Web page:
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January 18, 2017

You Actually Can Fix Stupid

Photo by Susan J. Stickle.

I was making my list of goals for 2017, and on the list (along with “eat like an adult,” “sleep past 4 a.m.” and “take a cooking class to improve my knife skills”) is to get a 7 or better on the canter half-pass zig-zag in a CDI Grand Prix. I understand the movement, I teach others how to ride the movement… and I myself, on Ella, can’t seem to ride the movement in the ring. I get the count right, I get 6 or 6.5, and it’s fine.

It just can be so much better, and it really needs to be better, to get the scores I want.

I get a lesson on Ella almost every day, and I mentioned this to Michael in the middle of last week. He told me to go show him what I was doing. I did. And then he said, “You’re straightening on step 3, and that’s too early. It’s taking too long. Don’t straighten until step 5. Now go do it again.”

So I did. And it was lovely. And at the end, I stopped, dropped the reins, threw up my hands, and cried out: “I am SO DUMB!”

But then I corrected myself: no, I’m not dumb. But in regards to the zig-zag, for the last nearly-two-years, I have been quite stupid.

Dumb is a state of being. It’s a constant, and it’s virtually impossible to cure. Stupid is curable, no matter what the great American philosopher Ron White says. (warning: audio NSFW) Smart people get stupid all the time, like, for example, when the thing that’s been plaguing their Grand Prix tests for two years gets fixed in one afternoon.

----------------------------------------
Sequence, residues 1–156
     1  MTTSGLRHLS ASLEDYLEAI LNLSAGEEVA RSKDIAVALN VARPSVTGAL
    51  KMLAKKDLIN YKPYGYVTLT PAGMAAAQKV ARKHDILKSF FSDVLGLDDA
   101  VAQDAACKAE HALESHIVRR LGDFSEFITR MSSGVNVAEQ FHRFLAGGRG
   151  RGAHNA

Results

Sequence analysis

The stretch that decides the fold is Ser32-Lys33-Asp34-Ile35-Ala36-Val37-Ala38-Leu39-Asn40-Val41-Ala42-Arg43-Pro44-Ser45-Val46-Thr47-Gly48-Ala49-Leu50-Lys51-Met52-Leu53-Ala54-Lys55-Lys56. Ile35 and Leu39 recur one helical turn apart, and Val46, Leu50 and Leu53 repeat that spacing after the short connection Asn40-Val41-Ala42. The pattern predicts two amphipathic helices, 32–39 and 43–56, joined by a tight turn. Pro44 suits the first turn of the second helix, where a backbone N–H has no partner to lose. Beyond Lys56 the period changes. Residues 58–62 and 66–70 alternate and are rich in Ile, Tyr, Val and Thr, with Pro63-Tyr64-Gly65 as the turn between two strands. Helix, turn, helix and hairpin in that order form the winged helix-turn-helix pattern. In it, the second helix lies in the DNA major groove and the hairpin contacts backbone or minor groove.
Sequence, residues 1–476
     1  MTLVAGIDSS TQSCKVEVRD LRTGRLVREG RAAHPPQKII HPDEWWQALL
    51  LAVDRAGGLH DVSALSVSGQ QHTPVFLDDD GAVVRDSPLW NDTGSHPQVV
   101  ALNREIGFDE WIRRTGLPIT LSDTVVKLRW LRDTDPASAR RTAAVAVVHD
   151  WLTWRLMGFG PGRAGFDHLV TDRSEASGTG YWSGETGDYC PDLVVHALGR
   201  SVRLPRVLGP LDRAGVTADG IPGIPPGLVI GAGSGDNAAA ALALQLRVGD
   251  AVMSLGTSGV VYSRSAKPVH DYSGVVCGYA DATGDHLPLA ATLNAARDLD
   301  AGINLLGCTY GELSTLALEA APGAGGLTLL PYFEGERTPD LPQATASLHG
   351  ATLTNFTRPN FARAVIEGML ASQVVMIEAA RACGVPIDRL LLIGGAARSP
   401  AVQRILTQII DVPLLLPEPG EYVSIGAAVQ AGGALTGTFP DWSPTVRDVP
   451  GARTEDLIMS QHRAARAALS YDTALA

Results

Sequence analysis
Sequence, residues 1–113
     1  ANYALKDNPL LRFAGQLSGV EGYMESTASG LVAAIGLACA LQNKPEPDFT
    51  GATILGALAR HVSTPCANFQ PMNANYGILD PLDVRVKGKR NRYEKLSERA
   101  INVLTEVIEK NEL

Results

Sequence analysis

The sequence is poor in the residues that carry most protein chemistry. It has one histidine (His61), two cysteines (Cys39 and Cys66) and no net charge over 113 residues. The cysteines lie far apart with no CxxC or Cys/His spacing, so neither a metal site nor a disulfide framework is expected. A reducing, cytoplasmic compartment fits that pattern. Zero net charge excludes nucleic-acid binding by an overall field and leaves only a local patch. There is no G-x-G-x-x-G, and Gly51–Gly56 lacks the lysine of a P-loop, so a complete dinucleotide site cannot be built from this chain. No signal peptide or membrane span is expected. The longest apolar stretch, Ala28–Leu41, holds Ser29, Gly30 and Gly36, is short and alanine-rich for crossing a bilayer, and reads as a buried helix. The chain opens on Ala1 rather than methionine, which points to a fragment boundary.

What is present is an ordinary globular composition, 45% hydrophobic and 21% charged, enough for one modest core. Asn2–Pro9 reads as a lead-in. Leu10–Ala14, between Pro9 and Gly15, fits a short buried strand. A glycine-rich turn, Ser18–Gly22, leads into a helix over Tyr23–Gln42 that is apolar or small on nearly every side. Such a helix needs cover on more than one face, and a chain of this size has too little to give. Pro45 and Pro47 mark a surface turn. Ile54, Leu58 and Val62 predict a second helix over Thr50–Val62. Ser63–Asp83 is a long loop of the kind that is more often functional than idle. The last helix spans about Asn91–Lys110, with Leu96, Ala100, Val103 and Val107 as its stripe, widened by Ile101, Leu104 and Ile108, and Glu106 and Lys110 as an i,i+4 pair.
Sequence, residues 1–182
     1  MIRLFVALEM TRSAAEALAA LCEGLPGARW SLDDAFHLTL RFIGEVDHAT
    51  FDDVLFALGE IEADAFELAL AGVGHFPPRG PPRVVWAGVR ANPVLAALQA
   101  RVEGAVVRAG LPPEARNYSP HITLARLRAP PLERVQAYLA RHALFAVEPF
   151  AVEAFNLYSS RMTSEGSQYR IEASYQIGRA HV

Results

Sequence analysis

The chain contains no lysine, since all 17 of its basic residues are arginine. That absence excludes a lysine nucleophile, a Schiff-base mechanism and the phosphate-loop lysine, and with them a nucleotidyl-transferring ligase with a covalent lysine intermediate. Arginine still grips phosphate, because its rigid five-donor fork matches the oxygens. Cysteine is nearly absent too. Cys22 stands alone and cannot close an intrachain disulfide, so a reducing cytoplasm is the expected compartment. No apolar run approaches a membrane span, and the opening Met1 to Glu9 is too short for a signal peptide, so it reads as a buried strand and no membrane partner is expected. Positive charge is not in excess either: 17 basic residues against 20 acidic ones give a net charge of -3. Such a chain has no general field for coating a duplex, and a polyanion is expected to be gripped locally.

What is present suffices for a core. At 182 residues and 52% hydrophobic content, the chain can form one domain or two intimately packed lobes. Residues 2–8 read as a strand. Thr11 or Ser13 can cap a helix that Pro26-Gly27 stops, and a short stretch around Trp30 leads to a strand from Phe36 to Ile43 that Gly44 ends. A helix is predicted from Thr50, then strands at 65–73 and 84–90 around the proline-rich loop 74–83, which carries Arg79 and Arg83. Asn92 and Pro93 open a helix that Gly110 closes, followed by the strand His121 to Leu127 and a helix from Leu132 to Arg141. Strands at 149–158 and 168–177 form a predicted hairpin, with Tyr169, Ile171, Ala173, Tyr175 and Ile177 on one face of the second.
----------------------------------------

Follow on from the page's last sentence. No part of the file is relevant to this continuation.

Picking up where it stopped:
Or, for example, when Danny has been LAUNCHING through the flying changes, or changing a stride after I ask, and otherwise making the learning of the ones a real pickle, and Michael offers a thought: why don’t you work on making individual changes, on a serpentine line, until they’re really easy and reliable and boring, and only then put them together to try some ones? And boom, there’s three ones. That’s really stupid. But fortunately, that’s not dumb.

The first few weeks in Florida are always a little magical, because I have lessons every day, as opposed to the twice-a-month-give-or-take approach I get the other nine months of the year, and we clear through the stupid stuff really fast. Then we run out of stupid stuff to address in my lessons, and we get down to brass tacks, and progress plateaus a little bit. 

But until that point, I’m cheerfully working on my stupid. And on sleeping past 4 a.m.

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